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jal
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#45
Dec13-07, 12:14 PM
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Fulvio Melia
“We will show that, with the recent WMAP results (Spergel et al. 2003), our observational limit clearly corresponds to the distance beyond which the spacetime curvature prevents any signal from ever reaching us. An observer’s worldline must therefore always be restricted to the region R < R0, i.e., to radii bounded by the cosmic horizon, consistent with the corollary to Birkhoff’s theorem.
The restrictions on an observer’s worldlines should be set by the physical radius R0, beyond which no signal can reach her within a finite time, no matter what internal structure the spacetime may possess.

However, the effects of gravity travel at the speed of light, so what matters in setting the structure of the universe within the horizon at time t is the mass-energy content within R0. The influence of these distant regions of the universe ended once their radius from us exceeded R0.
Our best fit to the Type Ia supernova data indicates that t0 would then have to be ~16.9 billion years. Though surprising at first, an older universe such as this would actually eliminate several other long-standing problems in cosmology, including the (too) early appearance of supermassive black holes (at a redshift > 6) and the glaring deficit of dwarf halos in the local group.
Our study has shown that scaling solutions not only fit the Type Ia supernova data much better than the basic _CDM cosmology, but they apparently simultaneously solve several conundrums with the standard model. As long as the time-averaged value of ! is less than −1/3, they eliminate both the coincidence and flatness problems, possibly even obviating the need for a period of rapid inflation in the early universe (see, e.g., Guth 1981; Linde 1982).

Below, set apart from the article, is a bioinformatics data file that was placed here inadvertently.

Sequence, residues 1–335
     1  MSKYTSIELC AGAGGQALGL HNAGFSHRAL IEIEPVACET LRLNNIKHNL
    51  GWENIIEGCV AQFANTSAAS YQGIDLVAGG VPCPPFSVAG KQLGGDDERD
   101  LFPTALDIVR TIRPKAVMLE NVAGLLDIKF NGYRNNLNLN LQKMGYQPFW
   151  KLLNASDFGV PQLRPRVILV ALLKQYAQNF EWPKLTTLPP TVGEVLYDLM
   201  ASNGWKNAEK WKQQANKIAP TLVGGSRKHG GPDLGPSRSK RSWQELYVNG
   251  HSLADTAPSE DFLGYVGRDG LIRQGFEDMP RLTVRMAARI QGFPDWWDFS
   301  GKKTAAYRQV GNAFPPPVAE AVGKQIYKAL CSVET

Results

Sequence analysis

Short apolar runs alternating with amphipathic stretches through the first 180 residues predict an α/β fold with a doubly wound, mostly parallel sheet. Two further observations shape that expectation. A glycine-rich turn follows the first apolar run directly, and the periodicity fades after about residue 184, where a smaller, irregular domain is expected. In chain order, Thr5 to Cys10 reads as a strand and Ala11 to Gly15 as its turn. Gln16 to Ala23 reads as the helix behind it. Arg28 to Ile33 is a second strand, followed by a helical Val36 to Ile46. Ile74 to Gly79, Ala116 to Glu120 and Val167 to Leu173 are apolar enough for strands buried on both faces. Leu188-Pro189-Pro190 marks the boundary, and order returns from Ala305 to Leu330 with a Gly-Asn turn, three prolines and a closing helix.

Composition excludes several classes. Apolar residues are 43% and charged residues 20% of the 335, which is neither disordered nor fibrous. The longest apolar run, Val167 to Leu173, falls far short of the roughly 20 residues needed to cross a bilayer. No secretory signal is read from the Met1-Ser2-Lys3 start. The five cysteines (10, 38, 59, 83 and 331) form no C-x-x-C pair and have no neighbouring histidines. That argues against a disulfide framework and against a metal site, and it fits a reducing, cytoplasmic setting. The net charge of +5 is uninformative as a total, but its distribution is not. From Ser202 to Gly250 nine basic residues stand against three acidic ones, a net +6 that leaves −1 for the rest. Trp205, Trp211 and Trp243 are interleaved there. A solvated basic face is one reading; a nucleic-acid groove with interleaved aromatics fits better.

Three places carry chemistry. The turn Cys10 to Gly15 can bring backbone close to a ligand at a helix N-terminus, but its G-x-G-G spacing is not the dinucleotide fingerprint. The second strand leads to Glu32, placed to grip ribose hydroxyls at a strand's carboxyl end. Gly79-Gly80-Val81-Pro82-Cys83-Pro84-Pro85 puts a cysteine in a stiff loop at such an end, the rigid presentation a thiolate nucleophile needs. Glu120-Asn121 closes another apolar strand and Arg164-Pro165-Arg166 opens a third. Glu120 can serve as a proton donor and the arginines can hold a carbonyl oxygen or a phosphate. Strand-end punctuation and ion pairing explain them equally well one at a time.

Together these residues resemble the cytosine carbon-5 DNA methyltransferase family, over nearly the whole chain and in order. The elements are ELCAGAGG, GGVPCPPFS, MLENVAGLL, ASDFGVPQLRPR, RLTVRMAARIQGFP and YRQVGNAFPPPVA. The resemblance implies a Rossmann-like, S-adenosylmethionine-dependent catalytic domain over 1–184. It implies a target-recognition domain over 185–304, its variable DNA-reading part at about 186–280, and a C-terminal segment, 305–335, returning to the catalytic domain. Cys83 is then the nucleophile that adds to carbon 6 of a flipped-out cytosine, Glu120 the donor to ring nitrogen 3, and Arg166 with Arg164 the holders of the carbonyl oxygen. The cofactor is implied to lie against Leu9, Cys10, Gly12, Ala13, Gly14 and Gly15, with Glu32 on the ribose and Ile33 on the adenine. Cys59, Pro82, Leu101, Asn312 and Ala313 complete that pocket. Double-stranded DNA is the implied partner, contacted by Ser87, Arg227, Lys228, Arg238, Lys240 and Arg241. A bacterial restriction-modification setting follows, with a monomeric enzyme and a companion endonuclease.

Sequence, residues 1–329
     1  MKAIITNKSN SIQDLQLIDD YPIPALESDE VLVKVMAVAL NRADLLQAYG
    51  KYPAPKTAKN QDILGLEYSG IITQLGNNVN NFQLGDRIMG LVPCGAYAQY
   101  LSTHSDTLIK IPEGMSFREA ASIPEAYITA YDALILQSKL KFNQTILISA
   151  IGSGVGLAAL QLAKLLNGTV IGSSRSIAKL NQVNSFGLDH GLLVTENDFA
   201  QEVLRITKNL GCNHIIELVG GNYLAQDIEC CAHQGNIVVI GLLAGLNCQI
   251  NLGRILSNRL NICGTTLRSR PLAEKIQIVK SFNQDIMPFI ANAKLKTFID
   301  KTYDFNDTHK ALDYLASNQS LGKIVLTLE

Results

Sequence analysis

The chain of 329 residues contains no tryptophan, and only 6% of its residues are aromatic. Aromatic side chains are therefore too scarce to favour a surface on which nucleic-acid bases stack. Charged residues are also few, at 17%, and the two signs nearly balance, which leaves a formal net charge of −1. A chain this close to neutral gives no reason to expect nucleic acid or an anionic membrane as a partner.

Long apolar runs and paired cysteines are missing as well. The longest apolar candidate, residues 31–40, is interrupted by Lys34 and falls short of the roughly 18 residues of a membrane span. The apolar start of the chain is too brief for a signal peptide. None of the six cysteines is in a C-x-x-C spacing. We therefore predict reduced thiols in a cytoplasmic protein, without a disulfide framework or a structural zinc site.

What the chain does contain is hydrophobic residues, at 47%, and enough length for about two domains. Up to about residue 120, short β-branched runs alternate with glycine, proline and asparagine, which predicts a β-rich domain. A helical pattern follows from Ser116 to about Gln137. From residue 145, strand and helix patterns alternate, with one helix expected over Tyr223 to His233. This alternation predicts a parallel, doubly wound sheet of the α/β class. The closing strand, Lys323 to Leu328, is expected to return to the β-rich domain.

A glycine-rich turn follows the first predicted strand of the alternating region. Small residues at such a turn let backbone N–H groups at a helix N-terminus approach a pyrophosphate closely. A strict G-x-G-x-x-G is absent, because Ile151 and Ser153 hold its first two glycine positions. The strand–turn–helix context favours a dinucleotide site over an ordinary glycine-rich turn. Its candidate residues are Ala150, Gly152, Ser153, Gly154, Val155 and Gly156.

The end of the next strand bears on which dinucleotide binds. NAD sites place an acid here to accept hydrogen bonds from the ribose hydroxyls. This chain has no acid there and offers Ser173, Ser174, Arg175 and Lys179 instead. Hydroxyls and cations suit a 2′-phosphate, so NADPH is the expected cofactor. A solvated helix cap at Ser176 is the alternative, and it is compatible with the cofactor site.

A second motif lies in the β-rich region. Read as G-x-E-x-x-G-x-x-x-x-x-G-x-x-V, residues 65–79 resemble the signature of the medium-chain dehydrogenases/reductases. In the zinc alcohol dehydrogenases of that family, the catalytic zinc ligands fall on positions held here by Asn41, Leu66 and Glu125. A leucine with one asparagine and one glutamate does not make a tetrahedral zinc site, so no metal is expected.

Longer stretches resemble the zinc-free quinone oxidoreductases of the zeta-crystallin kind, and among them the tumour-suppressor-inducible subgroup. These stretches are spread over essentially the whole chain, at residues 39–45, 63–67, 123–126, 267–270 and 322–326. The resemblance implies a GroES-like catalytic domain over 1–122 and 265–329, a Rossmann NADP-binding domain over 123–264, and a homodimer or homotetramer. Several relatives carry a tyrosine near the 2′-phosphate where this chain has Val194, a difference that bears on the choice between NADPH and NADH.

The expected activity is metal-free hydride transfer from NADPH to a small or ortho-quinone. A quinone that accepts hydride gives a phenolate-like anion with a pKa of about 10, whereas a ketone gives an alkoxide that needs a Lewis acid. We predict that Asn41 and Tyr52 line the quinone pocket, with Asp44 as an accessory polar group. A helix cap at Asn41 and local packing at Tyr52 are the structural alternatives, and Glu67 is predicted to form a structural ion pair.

On the observational front, the prospects for confirming or rejecting some of the ideas presented in this paper look very promising indeed.”

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Of course, his approach leads to speculation and other questions which he might have thought of and cannot published …. Yet!
If we can see the light (CBR) 400,000 years after the big bang then that means that those photons (EMF) have not left the universe. The universe was a 400,000 lyr sphere containing all the photons and all the particles. Something had to keep the photons from escaping or otherwise the universe would be losing energy.
It would be like dropping a rock into an ocean. The wave would keep going and never come. So, if there is no barrier, the observed (CBR) cannot be from 400,000 years after the big bang. Those photons are long gone.
Explanation #1
The expansion of the universe is always faster then the speed of light. However, that cannot be right because we would not see the light from other galaxies, gravity would not work, etc.
Explanation #2
As the 400,000 light year sphere of particles expands, at less than the speed of light, the photons (EMF) go faster than the expanding size of the particle sphere but are prevented from escaping and just go bouncing around and around within that barrier.
Therefore, the evidence of the (CMR) is the evidence of a barrier; the conservation of energy is the evidence of a barrier; neutrinos from the big bang epoch are supposed to be still around and if discovered would prove that there is a barrier keeping them here.
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What keeps the photons with a redshift of z = 10 to z = 1089 within our universe?
Can anyone do some explanations of red shift of neutrinos? http://conferences.fnal.gov/aspen05/talks/mena.pdf